Two years ago, I advocated dropping the “Sensei” nonsense but it soldiers on. Blog readers keep asking questions about it. Consultants who do not speak Japanese keep answering that there is a fundamental difference between a sensei and a consultant, and seeing a deep meaning in the word “Sensei” that just isn’t there. There is indeed a difference, but it is basic: “Sensei” is a polite term for schoolteachers and other instructors, while a consultant is someone who gets paid for an engagement, as opposed to an employee. One word refers to a role; the other one, to a business relationship.
In the US, many use the Japanese word “Sensei” for the people who help companies implement Lean; in Japan, they use the English word “Consultant.” On both sides, words borrowed from the other’s language have snob appeal, and give the jobs a mystique it doesn’t need or deserve.
See What to Expect from Lean Manufacturing Consultants for a Japanese perspective on this profession. As I also pointed out earlier, “sensei” (先生) is the Japanese word for school teacher. As a title, it is used through High School but not in Universities. You might use it to say that a person teaches at a university, but there is another word for “Professor” (Kyoju).
In Karate, there are six levels of instructors, from Deshi to Soke, and Sensei is the second lowest. The word is also attached to people’s names as a form of address, instead of “San,” either to make them feel respected for their expertise or sarcastically. It is nothing special.
In Lean, there is nothing a “Sensei” does that is different from what a good consultant would do. There is no need for new vocabulary. Consulting involves a business relationship that is different from employment, but the same kind of agreement also covers contractors as well as consultants.
What is the difference? Most people don’t see any, and many contractors call themselves “consultants.” The key distinction is that a contractor works like a temporary employee, while consultants advise, train, and coach employees. The contractor’s output is more tangible, but the ability to produce it walks out with the contractor, whereas the consultant transfers know-how that remains after the end of the engagement.
You hire a contractor to write control software for your production equipment, because you don’t have engineers who can do it, and you don’t think you have a need for this skill on an on-going basis. If, however, you think it should be available in your organization, you may bring in a consultant to help your managers set strategies and policies on equipment control programs, select tools, and learn how to use them.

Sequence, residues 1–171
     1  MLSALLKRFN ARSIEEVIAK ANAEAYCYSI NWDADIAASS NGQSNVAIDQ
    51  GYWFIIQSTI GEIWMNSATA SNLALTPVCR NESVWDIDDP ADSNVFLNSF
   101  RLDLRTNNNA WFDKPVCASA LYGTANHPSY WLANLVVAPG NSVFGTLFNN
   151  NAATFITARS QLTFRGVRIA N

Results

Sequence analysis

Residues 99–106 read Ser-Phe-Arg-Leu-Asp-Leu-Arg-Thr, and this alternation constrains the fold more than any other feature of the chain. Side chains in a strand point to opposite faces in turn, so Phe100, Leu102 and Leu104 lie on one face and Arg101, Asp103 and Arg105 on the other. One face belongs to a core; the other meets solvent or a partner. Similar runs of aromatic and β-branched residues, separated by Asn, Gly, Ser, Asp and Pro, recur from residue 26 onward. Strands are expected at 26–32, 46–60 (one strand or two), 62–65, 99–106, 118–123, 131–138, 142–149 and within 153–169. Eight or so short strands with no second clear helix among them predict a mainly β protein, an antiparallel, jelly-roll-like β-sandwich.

There are as many ways to work as a consultant as there are fields in which they are needed. Often, the know-how they transfer is procedural. They tell companies how to comply with regulations, pass audits, get ISO certified, or win the Shingo Prize.
Less often, it is about thinking through business strategy and finding the right moves in management and technology to be competitive. It is much more challenging, and there is no 12-step methodology for it. Lean consulting is in the latter category, because Lean implementation cannot be reduced to a procedure to be rolled out without thinking in every organization, whether it makes sausages or airplanes.
It is challenging, but it is what high-level consultants have been doing ever since Frederick Taylor invented the profession 125 years ago. It does not need a new name.
Does learning Lean directly from the Sensei make a big difference versus taking those professional certifications?
To which I answered as follows:
I don’t know why the word “sensei,” which is Japanese for school teacher, is being endowed here with such an aura. To get started, you should use a consultant who can help you select the right projects to undertake first on your shop floor, organize the team to execute on these projects, and coach them to success.
Certification will do none of that. You should only pursue certification if you are looking for a job and need it as a resume enhancer.
More more details on the value of certification, see Certification Shmertification!
For a review of the Lean body of knowledge and five leading certification programs, see The Lean Body of Knowledge.